A Julian date includes the fraction of a Julian day. For example, on May 1, 2016 (Gregorian calendar date), at midnight (the start of the day on a common calendar) the Julian day number was 2457509, and the Julian date was 2457509.5. On May 1, 2016, at noon, the Julian day number changed to 2457510 and the Julian date to 2457510.0.

Special Days and Observances in May

The month of May has fun and interesting days to celebrate as the spring weather turns warm and you look forward to summer. You and your child can learn more about history, health conditions, and healthy living. Your school, community center, or health organizations may have events and activities planned around these dates, but you can take the lead and design an activity for your child to focus on ones that are of interest.

Month-Long Observances

Week-Long Observances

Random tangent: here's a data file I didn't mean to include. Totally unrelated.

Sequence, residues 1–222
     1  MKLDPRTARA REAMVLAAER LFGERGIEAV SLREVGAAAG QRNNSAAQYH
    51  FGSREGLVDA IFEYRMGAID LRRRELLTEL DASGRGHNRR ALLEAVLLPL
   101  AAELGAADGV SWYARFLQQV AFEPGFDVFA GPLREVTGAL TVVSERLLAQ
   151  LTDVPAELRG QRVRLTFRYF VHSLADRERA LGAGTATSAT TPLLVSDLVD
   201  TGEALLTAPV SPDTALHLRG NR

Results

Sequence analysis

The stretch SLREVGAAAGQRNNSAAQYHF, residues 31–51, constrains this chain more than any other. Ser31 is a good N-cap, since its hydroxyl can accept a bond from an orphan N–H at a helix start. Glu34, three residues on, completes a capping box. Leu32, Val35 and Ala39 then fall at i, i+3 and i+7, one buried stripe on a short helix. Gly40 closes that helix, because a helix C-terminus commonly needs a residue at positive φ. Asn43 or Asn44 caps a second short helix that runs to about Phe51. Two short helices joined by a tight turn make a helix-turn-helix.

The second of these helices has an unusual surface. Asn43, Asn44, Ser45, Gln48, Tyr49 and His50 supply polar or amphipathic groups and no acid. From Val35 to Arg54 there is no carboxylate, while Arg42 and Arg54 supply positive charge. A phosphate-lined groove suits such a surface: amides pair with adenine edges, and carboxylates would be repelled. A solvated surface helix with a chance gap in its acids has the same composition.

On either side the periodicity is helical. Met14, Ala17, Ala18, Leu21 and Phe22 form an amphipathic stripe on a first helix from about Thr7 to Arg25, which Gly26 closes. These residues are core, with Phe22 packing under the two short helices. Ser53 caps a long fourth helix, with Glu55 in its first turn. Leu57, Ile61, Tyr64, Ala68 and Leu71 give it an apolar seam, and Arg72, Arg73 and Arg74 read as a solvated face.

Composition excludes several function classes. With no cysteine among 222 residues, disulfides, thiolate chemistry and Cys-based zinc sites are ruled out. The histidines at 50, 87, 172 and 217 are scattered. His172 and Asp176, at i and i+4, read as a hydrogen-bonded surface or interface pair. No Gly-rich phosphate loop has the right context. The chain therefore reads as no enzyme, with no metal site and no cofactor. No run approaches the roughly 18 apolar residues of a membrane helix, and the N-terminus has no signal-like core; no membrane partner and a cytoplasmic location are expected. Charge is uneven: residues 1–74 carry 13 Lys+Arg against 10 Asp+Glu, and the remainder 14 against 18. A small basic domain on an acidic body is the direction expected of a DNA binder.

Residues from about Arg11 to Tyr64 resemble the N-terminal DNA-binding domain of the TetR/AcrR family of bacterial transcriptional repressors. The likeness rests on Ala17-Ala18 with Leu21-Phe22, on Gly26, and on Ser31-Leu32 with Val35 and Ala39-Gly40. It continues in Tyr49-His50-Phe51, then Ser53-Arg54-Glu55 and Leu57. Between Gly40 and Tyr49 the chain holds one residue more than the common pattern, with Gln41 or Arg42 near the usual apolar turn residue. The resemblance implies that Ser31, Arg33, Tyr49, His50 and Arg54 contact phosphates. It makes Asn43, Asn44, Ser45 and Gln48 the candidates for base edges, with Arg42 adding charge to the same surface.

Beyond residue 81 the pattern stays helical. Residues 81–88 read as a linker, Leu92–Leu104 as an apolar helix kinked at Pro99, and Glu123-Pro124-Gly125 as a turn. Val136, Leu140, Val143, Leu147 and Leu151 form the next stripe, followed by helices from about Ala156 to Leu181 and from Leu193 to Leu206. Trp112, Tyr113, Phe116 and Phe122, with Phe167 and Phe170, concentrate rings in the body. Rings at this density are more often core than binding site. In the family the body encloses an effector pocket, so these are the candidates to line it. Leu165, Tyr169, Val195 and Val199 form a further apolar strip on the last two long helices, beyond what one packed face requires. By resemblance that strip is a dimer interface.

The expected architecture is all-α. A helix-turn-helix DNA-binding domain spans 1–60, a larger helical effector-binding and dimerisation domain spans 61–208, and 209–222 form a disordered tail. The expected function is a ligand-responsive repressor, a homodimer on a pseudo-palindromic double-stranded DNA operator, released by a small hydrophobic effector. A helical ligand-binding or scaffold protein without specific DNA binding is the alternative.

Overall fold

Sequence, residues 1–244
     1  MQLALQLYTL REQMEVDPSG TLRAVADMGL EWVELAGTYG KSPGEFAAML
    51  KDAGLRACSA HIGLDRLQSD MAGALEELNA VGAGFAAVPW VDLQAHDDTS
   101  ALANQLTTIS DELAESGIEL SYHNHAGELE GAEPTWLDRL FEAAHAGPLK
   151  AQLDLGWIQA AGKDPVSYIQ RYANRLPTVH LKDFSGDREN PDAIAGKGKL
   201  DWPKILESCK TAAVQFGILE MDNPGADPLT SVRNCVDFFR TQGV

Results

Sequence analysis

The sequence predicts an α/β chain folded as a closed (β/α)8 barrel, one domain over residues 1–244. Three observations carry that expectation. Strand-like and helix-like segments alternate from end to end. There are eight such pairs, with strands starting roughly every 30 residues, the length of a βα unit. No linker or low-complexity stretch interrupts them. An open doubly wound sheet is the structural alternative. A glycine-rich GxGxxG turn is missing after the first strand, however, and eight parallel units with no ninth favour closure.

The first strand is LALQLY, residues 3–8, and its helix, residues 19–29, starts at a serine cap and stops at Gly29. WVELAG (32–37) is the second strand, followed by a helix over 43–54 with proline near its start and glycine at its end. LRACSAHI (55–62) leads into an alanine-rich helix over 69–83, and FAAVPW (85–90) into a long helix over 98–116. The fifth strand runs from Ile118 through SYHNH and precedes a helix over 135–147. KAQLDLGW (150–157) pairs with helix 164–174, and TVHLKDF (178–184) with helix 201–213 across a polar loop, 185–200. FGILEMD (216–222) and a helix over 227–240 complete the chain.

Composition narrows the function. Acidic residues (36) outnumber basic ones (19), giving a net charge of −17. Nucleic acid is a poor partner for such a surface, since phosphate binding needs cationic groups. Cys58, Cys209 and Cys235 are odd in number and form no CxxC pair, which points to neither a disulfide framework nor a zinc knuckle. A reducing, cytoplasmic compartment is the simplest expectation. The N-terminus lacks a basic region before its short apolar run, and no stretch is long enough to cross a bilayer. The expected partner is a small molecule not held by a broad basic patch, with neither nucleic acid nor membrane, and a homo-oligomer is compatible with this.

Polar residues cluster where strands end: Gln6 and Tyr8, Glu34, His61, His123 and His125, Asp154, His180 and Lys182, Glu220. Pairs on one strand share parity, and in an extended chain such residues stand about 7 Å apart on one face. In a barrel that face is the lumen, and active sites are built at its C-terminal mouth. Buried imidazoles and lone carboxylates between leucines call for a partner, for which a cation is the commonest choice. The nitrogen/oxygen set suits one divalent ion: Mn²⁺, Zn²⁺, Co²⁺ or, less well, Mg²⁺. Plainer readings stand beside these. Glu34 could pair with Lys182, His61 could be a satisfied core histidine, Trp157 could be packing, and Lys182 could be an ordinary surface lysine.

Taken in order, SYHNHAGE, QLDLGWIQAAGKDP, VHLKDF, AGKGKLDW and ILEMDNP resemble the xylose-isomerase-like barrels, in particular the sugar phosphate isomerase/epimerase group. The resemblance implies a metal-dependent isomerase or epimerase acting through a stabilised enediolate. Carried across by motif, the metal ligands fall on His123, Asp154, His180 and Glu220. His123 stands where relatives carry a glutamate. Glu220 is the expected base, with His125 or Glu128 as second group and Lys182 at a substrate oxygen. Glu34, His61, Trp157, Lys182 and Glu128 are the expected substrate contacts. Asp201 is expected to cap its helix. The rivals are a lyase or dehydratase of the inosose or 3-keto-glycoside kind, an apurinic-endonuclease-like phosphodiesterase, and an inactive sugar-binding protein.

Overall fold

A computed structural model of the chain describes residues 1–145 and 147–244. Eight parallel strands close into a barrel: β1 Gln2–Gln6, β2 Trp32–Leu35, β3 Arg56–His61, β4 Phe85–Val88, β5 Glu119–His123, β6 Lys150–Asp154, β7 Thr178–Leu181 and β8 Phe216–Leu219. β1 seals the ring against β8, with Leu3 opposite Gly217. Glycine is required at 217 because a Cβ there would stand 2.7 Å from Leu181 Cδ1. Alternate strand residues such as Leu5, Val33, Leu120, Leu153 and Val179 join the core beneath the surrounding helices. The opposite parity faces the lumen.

• National Family Reading Week (first week)
  • Children’s Mental Health Awareness Week (first full week)
  • National Physical Education and Sport Week (first week)
  • Teacher Appreciation Week (first full week, Monday through Friday)
  • Children’s Book Week (first week)
  • Screen-Free Week (first week)
  • Wildflower Week (first week)
  • Astronomy Week (second week)
  • Reading is Fun Week (second full week)

Special Days and Holidays

These observances may be held on the same day each year or they may move from year to year. The dates given are only examples. Check your calendar for the exact dates for any given year.

First Four Days

  • May 1 May Day
  • May 1 Mother Goose Day
  • May 1 Law Day
  • May 1 Make a Book Day
  • May 1 World Laughter Day (first Sunday)
  • May 2 Sibling Appreciation Day
  • May 2 Teacher Appreciation Day (Tuesday of first full week)
  • May 3 Sun Day
  • May 3 Kite Day
  • May 4 Intergalactic Star Wars Day (May the Fourth Be With You)
  • May 4 National Weather Observers Day

Next Eight Days

  • May 5  Museum Lovers Day
  • May 5 Cartoonist Day
  • May 5 National Day of Reason (first Thursday)
  • May 6 No Homework Day
  • May 6 International Space Day (first Friday)